Jonathan Rosenhead
(Emeritus Professor, Management Science Group)

Well done, support and solidarity.

Naomi Bain, Branch Chair, Birkbeck UNISON (technically I'm sending this in a personal capacity, but our branch committee voted to send messages of support to UCL and SOAS, so I think it's safe to say we all support you!)

Best wishes and congratulations.

Joel Anderson

Branch Secretary, CSSD University of London UCU Branch (pc)

Support from greek students:

LSE in Occupation: ’68 and ‘10 Tariq Ali and Jon Rose to Speak to the Occupying Students at the LSE

Rafi Faruq -
Ph: 07714266684
Lucy Mcfadzean - Ph: 0798677516

After a LSE Students’ Union Emergency General Union Meeting on Thursday attended by over 400 students, staff and students at the London School of Economics (LSE) have gone into occupation against the proposed rise in fees and cuts.

Ashok Kumar, LSE Students’ Union Education Officers, said “The support of the Students’ Union is rarely sought or given at the occupations we’ve seen around the country, but in past occupations, such as those in the 1960s, the LSE Students’ Union had fully backed the occupations.”

The 1968 occupations at LSE became the birthplace of the movement of resistance in universities at the time.
At the forefront of these movement were Jon Rose and Tariq Ali. Tonight, Rose and Ali will be returning to the very building they occupied to speak to the students and staff on “Student Revolt: Then and Now”.

Lois Clifton, an occupier at LSE, said, “It is inspiring that we’ll be having the speakers who led much of the movement at LSE and across the country in the 1960s.”

The primary demand of the occupiers in that the Howard Davies, the director of the LSE, write a joint letter with the University and College Union (UCU) and the Students’ Union condemning the cuts, fees, and the attack on the Education Maintenance Allowance.

The talk will be at the occupation in the Old Building at 6:00pm. For updates on the occupation, please check:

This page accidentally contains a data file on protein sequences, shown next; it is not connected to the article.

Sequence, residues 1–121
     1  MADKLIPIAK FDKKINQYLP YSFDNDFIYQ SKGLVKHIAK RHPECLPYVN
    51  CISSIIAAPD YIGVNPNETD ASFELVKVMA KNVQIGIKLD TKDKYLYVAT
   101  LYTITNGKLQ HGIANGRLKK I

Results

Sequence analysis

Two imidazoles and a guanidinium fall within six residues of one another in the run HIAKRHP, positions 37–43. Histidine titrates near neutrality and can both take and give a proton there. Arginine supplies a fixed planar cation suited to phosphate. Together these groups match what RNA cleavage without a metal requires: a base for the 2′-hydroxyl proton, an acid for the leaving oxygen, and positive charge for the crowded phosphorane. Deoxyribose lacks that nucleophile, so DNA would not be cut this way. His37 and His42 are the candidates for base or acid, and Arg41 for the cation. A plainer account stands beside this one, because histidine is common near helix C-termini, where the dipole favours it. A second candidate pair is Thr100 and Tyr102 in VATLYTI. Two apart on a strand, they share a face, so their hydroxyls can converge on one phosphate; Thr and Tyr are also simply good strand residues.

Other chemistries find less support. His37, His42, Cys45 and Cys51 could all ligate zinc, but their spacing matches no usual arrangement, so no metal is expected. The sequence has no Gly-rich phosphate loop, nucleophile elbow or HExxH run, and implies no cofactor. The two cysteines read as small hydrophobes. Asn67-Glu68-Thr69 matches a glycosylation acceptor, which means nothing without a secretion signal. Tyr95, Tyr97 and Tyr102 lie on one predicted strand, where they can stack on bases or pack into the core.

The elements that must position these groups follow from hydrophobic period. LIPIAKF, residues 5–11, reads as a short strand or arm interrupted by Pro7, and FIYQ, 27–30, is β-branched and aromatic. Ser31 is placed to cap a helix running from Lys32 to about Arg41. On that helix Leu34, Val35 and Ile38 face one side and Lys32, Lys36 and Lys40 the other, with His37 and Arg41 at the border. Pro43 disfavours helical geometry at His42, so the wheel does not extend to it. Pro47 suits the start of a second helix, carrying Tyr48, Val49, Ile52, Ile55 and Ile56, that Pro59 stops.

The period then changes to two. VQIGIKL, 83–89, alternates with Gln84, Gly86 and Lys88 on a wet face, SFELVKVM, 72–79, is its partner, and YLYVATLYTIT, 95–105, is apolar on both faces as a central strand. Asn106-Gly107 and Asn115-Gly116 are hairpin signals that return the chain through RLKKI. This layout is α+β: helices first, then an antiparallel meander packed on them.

Gender Institute Supports the Occupation

Faculty and Support Staff at the LSE Gender Institute supports the LSE student occupation and the national campaigns against raising the cap on fees, cutting teaching budgets for humanities and social sciences, and getting rid of the Education Maintenance Allowance.

The coalition government's attack on access to education for all, and the withdrawal of support for an internationally respected sector at precisely the time when other countries are increasing that support, is unacceptable. The impact of the proposed HE and other public sector cuts will not be felt equally by everyone. Women account for two thirds of public sector workers, are more likely to be in precarious or part-time employment, and earn over 16% less than men over their lifetimes. Black and ethnic minority women are further over-represented in low paid jobs: 40% of black and ethnic minority women live in poverty in the UK. Women and minorities are thus less likely to be able to pay back loans and are less likely to take 'risks' with their education. This is not the elitist future we want for young people in the UK.

Raising the price of education at the same time as freezing public sector salaries and slashing benefits reinforces gender inequality in other ways too. Who will bear the burden of reduced welfare provision? Who will care for those the state is abandoning? Who will be encouraged to go to university if tough decisions about paying fees have to be made by families already struggling to make ends meet? Already government spokespeople have made it clear that it is women who are expected to pick up the slack through unpaid labour and a reconstitution of the private sphere for the 21st Century.

For these reasons, and many more, Faculty and Support Staff at the Gender Institute support the LSE student occupation, NUS and UCU protests against raising fees and cutting public sector budgets.